Perspectives on pandemicsCould Covid-19 be nature's response to man’s destruction of the earth's ecology?
'We are not at the top of the food chain; Covid has proved that,' said Steve. He takes care of the security alarm in our house. A tall lean man in his early 50s, he speaks with a slight lisp and carries the demeanour of an easygoing schoolmaster. He is direct and forceful; unafraid of the unconventional. 'This vaccine thing makes no sense,' he continued. 'That does not mean I won't take it. I will. I don't want to die, but...' Our conversation had veered off from Canada's vaccine rollout debacle to humanity's existential concerns the pandemic has evoked. In Steve's words, 'Our diminishing natural immunity against pathogens and increasing vaccine/drug dependency is an existential threat to our species.'
Numerous research reports validate Steve's observations. The Gerontological Society of America reported in 2015: 'Between 1988 and 2010, the median number of prescription medications used among (American) adults aged 65 and older doubled from two to four, and the proportion taking more than or equal to five medications tripled from 12.8 to 39.0 percent.' The United States is just one example. The fact is drug dependency is increasing all over the world.
Even more worrying is the growing frequency of infectious disease outbreaks. According to researchers from Brown University, US, the total number of outbreaks in viruses and casual diseases increased globally by almost 400 percent between 1980 and 2010—from 750 to over 3000. Scientists are predicting more pandemics. The future is likely going to be repeated cycles of pandemics, deaths, economic pain, short-term recovery, and more pandemics, more deaths, more economic and social disruptions. Humanity seems to be in a losing battle with pathogens, viruses in particular.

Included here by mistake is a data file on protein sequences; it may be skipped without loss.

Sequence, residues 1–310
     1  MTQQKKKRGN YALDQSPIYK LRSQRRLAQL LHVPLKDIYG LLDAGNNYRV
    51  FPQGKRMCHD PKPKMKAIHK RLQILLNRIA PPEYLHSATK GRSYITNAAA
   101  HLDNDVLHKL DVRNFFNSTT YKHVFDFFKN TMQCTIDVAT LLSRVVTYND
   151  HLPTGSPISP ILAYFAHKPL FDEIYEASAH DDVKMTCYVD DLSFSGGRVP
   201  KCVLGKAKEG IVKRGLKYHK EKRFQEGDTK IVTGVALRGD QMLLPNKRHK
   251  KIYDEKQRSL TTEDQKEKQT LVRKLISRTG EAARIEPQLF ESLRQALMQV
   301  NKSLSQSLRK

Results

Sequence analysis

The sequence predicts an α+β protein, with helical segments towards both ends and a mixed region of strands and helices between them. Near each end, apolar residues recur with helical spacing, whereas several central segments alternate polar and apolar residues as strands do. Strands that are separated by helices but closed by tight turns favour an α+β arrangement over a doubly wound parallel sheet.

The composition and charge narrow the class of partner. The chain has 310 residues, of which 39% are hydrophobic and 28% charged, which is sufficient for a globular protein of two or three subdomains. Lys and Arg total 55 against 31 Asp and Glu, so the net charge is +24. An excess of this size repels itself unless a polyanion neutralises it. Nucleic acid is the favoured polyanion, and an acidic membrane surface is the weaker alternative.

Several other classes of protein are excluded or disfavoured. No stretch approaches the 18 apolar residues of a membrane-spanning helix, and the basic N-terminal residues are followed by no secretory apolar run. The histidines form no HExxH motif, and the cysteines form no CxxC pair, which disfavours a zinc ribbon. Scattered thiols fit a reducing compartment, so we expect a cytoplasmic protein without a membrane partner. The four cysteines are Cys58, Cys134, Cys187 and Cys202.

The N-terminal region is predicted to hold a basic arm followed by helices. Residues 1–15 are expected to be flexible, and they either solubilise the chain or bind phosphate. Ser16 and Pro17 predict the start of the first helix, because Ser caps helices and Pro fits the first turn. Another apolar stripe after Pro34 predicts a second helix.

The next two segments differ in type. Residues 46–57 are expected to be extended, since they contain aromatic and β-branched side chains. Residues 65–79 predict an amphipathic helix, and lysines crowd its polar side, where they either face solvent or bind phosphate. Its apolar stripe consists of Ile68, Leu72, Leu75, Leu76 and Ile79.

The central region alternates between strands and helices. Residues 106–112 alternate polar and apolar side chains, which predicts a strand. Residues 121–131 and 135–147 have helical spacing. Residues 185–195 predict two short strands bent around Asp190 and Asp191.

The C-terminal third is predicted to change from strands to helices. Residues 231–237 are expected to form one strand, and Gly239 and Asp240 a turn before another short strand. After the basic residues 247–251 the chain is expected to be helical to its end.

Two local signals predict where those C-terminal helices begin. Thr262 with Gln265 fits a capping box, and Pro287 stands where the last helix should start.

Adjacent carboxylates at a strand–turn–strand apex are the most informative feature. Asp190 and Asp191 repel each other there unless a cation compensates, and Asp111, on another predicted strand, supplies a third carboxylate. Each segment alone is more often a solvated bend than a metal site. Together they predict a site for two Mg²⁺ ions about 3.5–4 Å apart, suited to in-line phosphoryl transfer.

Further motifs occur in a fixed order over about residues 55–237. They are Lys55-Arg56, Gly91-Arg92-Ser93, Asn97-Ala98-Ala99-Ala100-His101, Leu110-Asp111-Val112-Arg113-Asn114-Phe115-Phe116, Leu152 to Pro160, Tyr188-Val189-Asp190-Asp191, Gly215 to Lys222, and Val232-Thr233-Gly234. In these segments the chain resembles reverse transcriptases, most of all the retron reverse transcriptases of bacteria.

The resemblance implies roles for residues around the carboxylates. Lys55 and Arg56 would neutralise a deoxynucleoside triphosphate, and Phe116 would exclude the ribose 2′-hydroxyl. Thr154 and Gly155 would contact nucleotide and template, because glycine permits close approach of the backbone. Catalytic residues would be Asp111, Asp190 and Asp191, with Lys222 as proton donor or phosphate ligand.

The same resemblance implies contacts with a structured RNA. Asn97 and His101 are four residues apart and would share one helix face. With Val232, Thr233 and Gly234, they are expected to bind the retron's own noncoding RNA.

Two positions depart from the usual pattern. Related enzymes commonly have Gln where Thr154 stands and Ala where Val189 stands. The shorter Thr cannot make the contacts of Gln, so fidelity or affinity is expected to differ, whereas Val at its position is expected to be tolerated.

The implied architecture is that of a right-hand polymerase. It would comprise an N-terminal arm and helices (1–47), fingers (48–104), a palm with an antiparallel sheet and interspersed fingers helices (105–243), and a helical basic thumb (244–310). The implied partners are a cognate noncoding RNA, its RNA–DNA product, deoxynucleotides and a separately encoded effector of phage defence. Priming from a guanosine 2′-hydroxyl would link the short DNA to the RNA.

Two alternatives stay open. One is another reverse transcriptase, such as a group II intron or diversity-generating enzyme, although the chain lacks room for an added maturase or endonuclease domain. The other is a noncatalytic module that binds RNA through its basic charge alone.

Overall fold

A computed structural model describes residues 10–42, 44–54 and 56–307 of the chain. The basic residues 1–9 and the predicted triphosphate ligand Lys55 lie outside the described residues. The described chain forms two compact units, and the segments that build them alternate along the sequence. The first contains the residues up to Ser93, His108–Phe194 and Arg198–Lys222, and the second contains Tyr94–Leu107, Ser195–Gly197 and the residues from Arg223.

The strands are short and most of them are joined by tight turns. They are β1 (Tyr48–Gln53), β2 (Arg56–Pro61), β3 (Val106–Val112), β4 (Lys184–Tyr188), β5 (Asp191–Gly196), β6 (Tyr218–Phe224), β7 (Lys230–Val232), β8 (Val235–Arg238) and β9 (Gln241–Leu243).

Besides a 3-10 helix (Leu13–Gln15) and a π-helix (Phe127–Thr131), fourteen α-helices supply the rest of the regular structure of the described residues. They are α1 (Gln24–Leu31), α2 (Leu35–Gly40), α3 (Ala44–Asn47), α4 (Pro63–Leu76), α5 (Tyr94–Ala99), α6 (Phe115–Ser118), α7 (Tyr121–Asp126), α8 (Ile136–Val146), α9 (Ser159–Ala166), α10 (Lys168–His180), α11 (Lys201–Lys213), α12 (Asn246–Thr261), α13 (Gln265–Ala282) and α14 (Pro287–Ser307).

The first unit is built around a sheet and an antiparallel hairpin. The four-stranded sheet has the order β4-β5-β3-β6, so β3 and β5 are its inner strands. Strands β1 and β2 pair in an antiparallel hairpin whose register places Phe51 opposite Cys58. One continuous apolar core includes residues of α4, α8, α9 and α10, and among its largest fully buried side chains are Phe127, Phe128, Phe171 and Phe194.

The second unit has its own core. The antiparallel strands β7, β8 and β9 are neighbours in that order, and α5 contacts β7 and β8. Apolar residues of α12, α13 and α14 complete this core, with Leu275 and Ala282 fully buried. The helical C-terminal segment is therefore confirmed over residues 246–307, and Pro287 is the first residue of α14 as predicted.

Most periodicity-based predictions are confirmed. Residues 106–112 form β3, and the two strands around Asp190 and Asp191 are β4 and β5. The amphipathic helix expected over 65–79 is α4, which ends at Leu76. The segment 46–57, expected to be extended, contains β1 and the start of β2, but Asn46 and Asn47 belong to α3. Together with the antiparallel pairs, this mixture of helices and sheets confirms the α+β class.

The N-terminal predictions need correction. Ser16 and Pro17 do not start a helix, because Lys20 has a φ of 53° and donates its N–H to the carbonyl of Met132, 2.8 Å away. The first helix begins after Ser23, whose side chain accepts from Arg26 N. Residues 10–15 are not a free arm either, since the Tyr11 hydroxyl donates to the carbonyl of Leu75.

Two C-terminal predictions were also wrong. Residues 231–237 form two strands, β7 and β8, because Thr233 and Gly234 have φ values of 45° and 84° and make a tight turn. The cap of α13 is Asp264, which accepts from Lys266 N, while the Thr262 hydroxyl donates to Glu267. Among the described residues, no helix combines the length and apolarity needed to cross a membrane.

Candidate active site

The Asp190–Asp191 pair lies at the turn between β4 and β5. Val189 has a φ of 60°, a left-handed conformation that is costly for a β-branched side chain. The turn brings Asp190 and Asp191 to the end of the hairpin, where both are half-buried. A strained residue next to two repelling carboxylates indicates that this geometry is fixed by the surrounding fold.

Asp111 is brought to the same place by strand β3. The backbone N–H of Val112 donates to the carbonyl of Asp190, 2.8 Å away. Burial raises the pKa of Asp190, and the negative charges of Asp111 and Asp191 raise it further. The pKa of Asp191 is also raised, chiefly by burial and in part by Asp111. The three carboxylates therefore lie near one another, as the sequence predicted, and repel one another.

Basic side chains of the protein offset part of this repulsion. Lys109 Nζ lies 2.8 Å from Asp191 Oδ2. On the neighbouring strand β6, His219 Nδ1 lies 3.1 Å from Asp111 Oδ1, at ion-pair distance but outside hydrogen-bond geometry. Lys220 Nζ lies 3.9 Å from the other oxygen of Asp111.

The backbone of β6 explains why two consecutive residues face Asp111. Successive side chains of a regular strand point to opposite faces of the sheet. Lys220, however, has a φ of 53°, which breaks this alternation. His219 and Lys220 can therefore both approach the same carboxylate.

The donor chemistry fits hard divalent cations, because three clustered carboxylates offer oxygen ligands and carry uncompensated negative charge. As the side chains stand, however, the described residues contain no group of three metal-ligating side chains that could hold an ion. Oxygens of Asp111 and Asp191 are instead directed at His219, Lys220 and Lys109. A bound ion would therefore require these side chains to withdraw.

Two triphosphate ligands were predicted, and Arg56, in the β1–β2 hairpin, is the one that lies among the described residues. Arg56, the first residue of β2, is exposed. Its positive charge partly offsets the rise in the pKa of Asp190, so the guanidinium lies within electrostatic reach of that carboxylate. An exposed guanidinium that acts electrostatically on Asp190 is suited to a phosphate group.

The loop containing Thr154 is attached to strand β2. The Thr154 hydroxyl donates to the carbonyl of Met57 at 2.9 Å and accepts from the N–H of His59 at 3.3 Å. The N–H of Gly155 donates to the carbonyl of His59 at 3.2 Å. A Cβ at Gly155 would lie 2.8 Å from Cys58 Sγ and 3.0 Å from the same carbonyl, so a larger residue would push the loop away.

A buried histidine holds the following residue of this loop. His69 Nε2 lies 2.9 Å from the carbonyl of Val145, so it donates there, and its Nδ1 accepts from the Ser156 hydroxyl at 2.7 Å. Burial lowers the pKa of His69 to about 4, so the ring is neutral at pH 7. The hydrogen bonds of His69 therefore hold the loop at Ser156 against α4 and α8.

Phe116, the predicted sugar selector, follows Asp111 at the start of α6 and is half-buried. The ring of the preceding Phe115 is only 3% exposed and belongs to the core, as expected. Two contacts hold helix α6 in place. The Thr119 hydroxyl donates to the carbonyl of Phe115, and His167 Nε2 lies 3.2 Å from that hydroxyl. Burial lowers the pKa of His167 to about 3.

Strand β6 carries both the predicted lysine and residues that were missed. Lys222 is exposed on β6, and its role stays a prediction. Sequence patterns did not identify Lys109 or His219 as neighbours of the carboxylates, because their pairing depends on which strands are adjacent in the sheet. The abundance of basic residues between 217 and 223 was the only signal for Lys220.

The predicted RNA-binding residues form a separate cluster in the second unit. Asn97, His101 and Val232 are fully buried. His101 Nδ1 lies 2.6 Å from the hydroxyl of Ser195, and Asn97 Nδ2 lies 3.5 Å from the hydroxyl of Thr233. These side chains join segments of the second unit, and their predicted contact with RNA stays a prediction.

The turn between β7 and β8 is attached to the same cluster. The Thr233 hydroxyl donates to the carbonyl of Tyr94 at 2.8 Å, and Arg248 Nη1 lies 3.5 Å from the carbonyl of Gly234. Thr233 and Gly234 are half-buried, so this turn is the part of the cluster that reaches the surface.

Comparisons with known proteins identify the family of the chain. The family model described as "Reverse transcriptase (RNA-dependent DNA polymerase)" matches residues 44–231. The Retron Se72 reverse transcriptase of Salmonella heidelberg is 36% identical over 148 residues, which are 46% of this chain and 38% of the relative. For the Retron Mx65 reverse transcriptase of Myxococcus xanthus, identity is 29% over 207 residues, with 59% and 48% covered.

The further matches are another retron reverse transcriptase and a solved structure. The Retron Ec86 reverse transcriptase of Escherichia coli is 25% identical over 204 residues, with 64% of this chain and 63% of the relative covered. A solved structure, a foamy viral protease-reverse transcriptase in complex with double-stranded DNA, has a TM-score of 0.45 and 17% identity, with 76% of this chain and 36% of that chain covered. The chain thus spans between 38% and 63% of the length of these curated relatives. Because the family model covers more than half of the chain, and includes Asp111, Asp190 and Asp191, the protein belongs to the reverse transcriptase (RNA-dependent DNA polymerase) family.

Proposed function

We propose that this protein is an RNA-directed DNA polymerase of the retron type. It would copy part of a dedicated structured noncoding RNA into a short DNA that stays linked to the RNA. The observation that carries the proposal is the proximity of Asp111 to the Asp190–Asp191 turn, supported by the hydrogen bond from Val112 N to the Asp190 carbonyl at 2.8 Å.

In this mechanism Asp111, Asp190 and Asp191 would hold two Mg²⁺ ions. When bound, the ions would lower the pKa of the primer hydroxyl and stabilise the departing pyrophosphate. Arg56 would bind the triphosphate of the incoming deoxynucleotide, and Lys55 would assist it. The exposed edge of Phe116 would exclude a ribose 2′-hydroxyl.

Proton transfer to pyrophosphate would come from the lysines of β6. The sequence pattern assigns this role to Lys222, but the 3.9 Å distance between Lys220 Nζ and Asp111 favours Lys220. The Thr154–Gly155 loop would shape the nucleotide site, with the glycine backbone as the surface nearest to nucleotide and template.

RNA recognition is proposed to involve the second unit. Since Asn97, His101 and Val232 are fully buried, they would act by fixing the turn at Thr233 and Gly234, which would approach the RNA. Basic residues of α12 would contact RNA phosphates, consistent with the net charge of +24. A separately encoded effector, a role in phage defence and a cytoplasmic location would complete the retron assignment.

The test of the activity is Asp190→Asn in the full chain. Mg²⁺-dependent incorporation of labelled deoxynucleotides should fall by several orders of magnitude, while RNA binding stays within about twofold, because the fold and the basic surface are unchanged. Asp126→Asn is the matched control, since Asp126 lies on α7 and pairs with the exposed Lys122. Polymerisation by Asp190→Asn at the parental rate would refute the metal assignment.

How did we get here?
I don't think anyone has a definitive answer, but one thing that immediately jumps out is whether the way we interface with nature is a factor. Yuval Harari, a professor of ancient history and the author of the internationally acclaimed book, Sapiens, says human civilisation developed around myths; with time, myths turned into beliefs, and beliefs became unassailable truths. The myth of the omniscient, creator God, religion and associated scriptures has defined our relationship with nature for centuries, and has become the basis of the modern development model.
Consider Christianity and Islam, two religions with a total following of nearly 55 percent of the world population. Christianity commands its followers to multiply, fill the earth, and rule over nature. Quran, the holy book of Islam, assures Muslims that Allah created the world to 'serve men and women, so that human beings can profit from all gifts and bounties which God has given to us in the world, to serve Him'.
Charles Darwin's theory of evolution, that man evolved from a natural process, challenged the creationist argument that mankind was created by God. But it did nothing to dismantle the deeply rooted, God-sanctioned, belief in man’s exclusive authority over earth’s resources. Even the sagacious Institution of Civil Engineers (ICE) of the United Kingdom seemed to endorse the idea. The ICE, the first engineering institution in the world established in 1818, defined civil engineering as 'the art of directing the great sources of power in nature for the use and convenience of man…' in its founding document. (The definition was changed years later and made more respectful to nature.)